Step 2: Test System Performance to Establish a Baseline
As you test system performance before and after tuning your tables, you will record the following details:
The examples in this tutorial are based on using a four-node dw2.large cluster. Your results will be different, even if you use the same cluster configuration. System performance is influenced by many factors, and no two systems will perform exactly the same.
You will record your results using the following benchmarks table.
|Load time (five tables)|
|Query execution time|
|Total execution time|
To Test System Performance to Establish a Baseline
Note the cumulative load time for all five tables and enter it in the benchmarks table in the Before column.
This is the value you noted in the previous step.
Record storage use.
Determine how many 1 MB blocks of disk space are used for each table by querying the STV_BLOCKLIST table and record the results in your benchmarks table.Copy
select stv_tbl_perm.name as table, count(*) as mb from stv_blocklist, stv_tbl_perm where stv_blocklist.tbl = stv_tbl_perm.id and stv_blocklist.slice = stv_tbl_perm.slice and stv_tbl_perm.name in ('lineorder','part','customer','dwdate','supplier') group by stv_tbl_perm.name order by 1 asc;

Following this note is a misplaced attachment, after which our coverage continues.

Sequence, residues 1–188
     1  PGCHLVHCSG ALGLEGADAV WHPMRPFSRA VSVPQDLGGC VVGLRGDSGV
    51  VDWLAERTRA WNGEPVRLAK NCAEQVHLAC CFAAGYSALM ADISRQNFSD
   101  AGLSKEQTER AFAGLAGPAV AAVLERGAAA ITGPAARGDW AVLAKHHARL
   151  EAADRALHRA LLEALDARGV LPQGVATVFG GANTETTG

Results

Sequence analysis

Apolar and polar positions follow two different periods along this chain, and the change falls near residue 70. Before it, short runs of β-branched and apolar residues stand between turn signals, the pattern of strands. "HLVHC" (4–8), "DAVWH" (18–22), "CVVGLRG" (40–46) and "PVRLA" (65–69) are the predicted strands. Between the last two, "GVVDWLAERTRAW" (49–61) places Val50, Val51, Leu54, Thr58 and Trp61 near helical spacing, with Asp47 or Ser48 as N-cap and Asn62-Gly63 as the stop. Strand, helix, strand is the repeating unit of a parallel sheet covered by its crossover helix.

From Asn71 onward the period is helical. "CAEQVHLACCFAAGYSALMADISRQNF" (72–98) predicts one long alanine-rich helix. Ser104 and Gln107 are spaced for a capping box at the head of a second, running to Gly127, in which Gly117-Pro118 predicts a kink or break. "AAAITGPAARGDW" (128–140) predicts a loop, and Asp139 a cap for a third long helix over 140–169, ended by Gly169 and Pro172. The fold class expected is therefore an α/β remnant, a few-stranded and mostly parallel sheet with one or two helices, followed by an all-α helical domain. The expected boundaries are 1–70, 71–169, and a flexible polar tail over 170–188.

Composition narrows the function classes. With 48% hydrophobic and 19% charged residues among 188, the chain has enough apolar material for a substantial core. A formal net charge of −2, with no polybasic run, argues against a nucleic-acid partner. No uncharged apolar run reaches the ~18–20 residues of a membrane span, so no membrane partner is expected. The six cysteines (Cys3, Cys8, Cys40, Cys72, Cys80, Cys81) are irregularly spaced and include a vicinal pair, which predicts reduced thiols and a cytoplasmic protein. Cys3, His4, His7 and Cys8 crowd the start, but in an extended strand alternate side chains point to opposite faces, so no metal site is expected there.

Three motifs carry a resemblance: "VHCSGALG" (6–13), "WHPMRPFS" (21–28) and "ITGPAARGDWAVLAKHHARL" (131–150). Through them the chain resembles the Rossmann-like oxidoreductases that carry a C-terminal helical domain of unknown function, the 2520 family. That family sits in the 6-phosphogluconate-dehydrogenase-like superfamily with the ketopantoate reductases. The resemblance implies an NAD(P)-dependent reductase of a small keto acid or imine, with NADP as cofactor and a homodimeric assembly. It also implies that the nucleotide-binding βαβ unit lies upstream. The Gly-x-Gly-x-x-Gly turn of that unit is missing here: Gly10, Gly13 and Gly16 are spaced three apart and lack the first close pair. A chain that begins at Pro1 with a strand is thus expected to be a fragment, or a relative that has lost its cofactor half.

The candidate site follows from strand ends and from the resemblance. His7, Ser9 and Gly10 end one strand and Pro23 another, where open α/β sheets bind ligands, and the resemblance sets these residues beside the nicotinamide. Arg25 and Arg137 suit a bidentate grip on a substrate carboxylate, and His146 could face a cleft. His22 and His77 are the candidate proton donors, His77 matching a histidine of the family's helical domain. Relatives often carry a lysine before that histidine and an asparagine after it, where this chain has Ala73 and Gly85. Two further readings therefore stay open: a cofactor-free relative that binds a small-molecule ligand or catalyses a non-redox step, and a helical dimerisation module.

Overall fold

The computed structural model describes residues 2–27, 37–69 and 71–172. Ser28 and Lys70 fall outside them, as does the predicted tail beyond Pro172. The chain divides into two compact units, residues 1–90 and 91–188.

Your results should look similar to this:Copy
table | mb ----------+------ customer | 384 dwdate | 160 lineorder | 51024 part | 200 supplier | 152
Test query performance.
The first time you run a query, Amazon Redshift compiles the code, and then sends compiled code to the compute nodes. When you compare the execution times for queries, you should not use the results for the first time you execute the query. Instead, compare the times for the second execution of each query. For more information, see Factors Affecting Query Performance.
Run the following queries twice to eliminate compile time. Record the second time for each query in the benchmarks table.Copy
-- Query 1 -- Restrictions on only one dimension. select sum(lo_extendedprice*lo_discount) as revenue from lineorder, dwdate where lo_orderdate = d_datekey and d_year = 1997 and lo_discount between 1 and 3 and lo_quantity < 24; -- Query 2 -- Restrictions on two dimensions select sum(lo_revenue), d_year, p_brand1 from lineorder, dwdate, part, supplier where lo_orderdate = d_datekey and lo_partkey = p_partkey and lo_suppkey = s_suppkey and p_category = 'MFGR#12' and s_region = 'AMERICA' group by d_year, p_brand1 order by d_year, p_brand1; -- Query 3 -- Drill down in time to just one month select c_city, s_city, d_year, sum(lo_revenue) as revenue from customer, lineorder, supplier, dwdate where lo_custkey = c_custkey and lo_suppkey = s_suppkey and lo_orderdate = d_datekey and (c_city='UNITED KI1' or c_city='UNITED KI5') and (s_city='UNITED KI1' or s_city='UNITED KI5') and d_yearmonth = 'Dec1997' group by c_city, s_city, d_year order by d_year asc, revenue desc;
Your results for the second time will look something like this:Copy
SELECT executed successfully Execution time: 6.97s (Statement 1 of 3 finished) SELECT executed successfully Execution time: 12.81s (Statement 2 of 3 finished) SELECT executed successfully Execution time: 13.39s (Statement 3 of 3 finished) Script execution finished Total script execution time: 33.17s
The following benchmarks table shows the example results for the cluster used in this tutorial.
|Load time (five tables)||10m 23s|
|Query execution time|
|Total execution time||33.17|